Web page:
Scarf Defect_2017-01

The Definition of a Scarf Tool Wear: The scarf plane can be defined as the straight line drawn between the left and right scarf edges.  Any detected features above or below the scarf plane, are measured as a scarf defect.  The actual amount of wear is defined as the distance from the scarf plane measured perpendicularly to the scarf plane.

If you have any questions about our profile inspections for tube and pipe, please feel free to contact us. 

 

Better Images. Better Decisions. Better Process Control.

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Topics: quality control, Tube and Pipe welding, bead height, scarfing, pipe, tube, defects, WI-2000p, tubedefects, tube mill

Tracking Tube Production Using the WI2000 and WI3000 systems

Posted by Cornelius Sawatzky on Thursday, June 21, 2018 @ 09:00 AM

Xiris' WeldInspection System Helps Identify the Root Cause of Variations in Tube Production

Many applications require tube producers to identify and document their tubes by batch, date and sometimes even time stamp for trace-ability. If a tube segment fails at a sub process or worse at the end user, a detailed analysis and root cause investigation follows.

 

audit logs 3

Audit Log Files from Xiris' WeldInspection System

When the original tube production date and time information is available, a helpful tool to identify anomalies is to review the audit log files generated on Xiris’ WeldInspection system.The audit log files are date and time stamped and easily accessible to look for any weld related geometries that may have deviated for a time period during the production run.

Variations may be a change in bead shape/size that can be an indicator of squeeze pressure or weld heat change. With the WeldInspection system monitoring multiple geometrical conditions such as mismatch, bead height, width and potential freeze line, much information can be gained by reviewing the log files and identifying a potential root cause. Additionally if a particular condition has been identified as the potential cause, the audit logs can be utilized to determine for how long that condition existed therefore helping reduce the volume of product that might be quarantined for further evaluation.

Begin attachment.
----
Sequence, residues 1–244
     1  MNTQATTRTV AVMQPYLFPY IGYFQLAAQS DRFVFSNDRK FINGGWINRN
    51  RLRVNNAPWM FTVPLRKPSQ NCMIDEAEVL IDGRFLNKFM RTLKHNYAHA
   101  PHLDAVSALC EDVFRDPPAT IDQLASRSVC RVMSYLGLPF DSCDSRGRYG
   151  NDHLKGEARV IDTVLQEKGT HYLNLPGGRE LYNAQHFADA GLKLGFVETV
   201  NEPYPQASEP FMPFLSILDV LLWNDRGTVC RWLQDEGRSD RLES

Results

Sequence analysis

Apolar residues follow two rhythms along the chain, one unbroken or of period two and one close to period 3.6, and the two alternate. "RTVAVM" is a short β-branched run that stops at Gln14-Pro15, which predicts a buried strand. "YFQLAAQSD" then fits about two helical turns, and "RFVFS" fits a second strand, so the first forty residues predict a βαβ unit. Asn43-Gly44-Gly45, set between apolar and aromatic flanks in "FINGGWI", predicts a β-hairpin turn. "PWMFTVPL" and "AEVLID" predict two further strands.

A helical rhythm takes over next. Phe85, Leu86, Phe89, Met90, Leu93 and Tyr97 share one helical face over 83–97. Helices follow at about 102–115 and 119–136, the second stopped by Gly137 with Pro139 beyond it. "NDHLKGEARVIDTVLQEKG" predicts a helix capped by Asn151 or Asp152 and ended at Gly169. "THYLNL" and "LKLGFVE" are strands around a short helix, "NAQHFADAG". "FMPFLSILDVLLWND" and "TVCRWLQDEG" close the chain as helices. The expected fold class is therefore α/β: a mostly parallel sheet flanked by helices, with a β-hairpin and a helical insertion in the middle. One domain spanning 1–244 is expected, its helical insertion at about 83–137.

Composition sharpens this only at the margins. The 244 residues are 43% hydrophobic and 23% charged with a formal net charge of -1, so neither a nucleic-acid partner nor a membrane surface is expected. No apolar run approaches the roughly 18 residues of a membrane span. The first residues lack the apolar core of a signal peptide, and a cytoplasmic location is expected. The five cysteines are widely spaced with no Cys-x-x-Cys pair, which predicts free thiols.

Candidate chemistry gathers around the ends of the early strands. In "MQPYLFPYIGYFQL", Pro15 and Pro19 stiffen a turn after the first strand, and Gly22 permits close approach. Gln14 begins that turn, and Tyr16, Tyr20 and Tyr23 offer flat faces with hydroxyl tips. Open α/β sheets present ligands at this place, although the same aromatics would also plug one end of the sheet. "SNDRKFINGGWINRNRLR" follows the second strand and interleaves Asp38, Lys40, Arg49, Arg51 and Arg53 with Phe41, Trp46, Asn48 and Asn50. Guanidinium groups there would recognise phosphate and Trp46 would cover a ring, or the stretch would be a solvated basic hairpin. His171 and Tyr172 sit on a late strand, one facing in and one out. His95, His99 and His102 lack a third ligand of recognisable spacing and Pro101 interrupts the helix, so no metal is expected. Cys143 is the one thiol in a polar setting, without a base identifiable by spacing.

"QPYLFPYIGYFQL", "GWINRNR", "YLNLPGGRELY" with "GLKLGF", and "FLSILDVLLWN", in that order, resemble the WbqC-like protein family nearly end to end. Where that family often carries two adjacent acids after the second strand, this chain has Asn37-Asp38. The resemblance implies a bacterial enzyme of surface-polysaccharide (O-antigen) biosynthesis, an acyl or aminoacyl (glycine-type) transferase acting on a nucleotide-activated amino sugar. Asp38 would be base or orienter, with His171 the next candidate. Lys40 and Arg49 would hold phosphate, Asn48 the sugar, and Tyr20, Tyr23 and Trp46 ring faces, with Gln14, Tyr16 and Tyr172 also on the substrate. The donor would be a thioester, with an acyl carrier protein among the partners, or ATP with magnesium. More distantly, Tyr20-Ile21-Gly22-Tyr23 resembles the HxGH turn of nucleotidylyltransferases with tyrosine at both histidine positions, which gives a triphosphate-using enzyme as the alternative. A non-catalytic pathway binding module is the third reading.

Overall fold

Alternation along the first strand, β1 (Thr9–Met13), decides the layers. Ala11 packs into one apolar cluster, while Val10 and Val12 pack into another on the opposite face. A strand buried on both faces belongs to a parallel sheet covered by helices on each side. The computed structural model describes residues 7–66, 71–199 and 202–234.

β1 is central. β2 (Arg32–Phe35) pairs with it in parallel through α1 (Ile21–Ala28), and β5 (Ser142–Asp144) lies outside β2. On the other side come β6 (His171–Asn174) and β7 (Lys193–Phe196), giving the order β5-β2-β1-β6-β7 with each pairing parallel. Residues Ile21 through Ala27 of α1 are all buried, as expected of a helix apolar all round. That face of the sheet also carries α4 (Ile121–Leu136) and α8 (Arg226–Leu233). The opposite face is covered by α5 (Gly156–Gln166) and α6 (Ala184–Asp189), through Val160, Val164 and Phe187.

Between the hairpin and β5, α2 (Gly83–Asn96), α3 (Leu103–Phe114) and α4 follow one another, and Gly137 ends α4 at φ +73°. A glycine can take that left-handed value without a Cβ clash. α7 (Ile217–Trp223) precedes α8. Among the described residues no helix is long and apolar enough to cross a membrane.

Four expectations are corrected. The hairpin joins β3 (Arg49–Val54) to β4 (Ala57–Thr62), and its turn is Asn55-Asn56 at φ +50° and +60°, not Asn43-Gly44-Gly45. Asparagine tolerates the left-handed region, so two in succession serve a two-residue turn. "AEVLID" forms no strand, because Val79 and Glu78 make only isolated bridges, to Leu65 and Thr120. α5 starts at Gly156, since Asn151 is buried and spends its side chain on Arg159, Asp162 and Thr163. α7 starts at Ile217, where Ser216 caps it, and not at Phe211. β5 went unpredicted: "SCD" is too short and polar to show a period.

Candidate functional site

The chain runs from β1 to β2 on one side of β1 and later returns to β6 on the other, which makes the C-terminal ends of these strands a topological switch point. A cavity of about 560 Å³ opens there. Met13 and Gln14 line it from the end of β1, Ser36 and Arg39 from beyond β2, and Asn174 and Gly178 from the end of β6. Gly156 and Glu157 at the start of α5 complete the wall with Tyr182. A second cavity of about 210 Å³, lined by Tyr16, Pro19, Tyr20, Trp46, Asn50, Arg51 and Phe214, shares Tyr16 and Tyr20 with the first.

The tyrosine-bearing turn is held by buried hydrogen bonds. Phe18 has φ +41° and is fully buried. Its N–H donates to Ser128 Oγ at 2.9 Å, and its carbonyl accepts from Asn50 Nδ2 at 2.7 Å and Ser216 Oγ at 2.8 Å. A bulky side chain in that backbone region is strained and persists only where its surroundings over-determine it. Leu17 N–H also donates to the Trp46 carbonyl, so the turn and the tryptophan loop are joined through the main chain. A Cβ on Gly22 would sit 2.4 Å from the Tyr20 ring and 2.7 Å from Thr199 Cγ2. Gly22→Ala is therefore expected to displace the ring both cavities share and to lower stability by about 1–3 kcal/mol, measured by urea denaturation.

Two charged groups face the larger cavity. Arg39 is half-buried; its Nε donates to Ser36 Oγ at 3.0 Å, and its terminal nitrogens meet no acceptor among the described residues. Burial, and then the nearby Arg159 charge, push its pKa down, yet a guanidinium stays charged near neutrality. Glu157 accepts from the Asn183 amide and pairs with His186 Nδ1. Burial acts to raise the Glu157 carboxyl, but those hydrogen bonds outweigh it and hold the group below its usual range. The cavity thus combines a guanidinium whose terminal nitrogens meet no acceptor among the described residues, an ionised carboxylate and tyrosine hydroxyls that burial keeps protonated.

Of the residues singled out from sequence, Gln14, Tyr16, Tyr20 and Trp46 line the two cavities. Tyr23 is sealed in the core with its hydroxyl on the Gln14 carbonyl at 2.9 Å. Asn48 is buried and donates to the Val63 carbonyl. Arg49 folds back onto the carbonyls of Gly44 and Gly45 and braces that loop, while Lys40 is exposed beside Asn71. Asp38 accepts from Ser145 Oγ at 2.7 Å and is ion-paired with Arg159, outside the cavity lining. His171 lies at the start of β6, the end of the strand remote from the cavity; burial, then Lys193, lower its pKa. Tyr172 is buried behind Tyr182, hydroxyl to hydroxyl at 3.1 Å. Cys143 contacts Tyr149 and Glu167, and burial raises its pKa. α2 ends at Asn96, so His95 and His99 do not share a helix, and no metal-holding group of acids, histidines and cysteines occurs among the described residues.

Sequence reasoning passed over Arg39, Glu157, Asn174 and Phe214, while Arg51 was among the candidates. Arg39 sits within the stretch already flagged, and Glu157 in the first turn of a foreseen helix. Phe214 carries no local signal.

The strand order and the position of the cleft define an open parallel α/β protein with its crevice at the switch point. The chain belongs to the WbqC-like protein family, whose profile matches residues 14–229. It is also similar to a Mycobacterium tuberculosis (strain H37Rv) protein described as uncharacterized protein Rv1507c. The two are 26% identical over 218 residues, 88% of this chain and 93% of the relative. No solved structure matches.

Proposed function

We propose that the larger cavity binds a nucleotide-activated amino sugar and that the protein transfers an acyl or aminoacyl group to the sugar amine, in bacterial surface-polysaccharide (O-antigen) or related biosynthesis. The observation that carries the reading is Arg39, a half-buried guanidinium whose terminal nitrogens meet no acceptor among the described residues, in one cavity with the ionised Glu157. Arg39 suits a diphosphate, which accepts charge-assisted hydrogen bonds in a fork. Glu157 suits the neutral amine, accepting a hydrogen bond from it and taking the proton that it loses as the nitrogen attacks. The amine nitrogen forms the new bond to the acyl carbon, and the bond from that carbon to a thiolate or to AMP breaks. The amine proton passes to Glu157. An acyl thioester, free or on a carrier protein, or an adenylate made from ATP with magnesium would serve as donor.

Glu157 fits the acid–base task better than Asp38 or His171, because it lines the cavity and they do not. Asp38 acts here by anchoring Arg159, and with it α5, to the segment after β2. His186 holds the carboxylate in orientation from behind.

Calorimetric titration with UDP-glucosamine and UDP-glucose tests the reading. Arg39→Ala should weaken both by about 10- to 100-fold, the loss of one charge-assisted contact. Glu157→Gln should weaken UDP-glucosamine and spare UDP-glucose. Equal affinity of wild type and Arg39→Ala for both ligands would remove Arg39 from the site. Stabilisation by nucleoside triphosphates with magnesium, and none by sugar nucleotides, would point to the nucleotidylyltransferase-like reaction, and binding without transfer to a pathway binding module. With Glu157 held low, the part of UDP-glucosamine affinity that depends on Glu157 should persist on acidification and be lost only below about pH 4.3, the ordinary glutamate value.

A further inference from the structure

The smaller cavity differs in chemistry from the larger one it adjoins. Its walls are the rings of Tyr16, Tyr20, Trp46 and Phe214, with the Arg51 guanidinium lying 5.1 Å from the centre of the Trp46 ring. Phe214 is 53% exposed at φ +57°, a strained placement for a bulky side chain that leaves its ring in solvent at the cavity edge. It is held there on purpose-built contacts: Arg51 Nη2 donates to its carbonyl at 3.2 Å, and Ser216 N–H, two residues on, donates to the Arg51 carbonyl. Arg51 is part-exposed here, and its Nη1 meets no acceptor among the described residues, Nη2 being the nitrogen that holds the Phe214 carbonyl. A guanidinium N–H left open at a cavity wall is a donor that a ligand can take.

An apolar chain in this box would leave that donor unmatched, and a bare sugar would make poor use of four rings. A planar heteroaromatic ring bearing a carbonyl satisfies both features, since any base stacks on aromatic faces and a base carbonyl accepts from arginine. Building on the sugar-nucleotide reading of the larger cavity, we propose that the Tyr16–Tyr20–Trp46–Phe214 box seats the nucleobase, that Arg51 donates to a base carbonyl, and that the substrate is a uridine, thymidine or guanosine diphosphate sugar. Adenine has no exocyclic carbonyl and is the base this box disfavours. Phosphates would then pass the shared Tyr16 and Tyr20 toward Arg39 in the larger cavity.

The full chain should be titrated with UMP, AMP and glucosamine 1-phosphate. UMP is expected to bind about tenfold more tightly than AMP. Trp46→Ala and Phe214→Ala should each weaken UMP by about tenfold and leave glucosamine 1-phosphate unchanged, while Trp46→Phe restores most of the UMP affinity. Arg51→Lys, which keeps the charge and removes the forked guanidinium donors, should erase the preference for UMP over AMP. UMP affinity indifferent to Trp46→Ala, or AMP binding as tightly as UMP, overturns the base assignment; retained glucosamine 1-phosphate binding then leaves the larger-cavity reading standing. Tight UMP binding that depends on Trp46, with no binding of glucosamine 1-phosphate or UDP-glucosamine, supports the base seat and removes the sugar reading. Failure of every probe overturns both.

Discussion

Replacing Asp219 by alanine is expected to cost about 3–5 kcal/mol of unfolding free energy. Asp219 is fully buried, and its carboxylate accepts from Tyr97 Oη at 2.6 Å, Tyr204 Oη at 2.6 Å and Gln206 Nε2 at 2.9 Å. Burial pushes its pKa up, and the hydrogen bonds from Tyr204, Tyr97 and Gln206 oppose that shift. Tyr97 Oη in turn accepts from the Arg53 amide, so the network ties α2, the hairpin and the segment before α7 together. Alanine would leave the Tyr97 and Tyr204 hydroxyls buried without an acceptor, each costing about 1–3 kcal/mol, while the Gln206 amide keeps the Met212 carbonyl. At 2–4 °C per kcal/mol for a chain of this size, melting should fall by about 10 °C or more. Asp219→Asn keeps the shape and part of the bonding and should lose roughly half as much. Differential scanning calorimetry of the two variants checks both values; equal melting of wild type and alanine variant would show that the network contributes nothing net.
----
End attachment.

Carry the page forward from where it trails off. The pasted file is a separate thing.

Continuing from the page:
If you are interested in learning more about how our WeldInspection system can benefit you and your company, please contact us here.

 

Topics: Tube and Pipe welding, pipe, tube, defects, WI-2000p, tubedefects

Xiris Presents at Pipe and Tube Houston

Posted by Leanne Sinclair on Tuesday, September 23, 2014 @ 04:23 PM

This past week, The Tube & Pipe Association (TPA) and the International Tube Association (ITA) coordinated the Pipe and Tube Houston 2014 Conference, where Xiris attended to present its WI2000p Weld Inspection System.  The WI2000p system is used to inspect welded tube and pipe immediately after the weld box for forming and weld defects with the goal of performing process control.  Xiris presented on the WI2000p and how it can detect certain defects found specifically in High Frequency and ERW welded tubing. The conference was attended by several hundred members of the tube and pipe community, as well as a variety of equipment vendors.

describe the imageInteractive Discussion Panel

 




 

 

 

 

 

 

 

 

Xiris also demonstrated the Xiris WI2000p Post Weld Inspection System at the conference’s table top exhibits.  Using actual tube samples from a variety of customers, the WI2000p’s ability to detect a variety of tube weld and forming defects, such as bead height, bead ratio, slope angle, deflection, mismatch, roll, freeze line, scarf width, and undercut.  Detection of all these critical defects was demonstrated as to how the WI2000p can assist operators in controlling their process.  The net result is to help tube and pipe fabricators decrease scrap rates, increase productivity and improve quality of the end product.

For more information about the WI2000p Post Weld Inspection system for tube and pipes, or to learn more about our other products and resources, please visit our website www.xiris.com

Topics: Trade Show, safety, houston, pipe, tube, presentation, defects, conference, exhibit, vendors, fabricators, scrap, productivity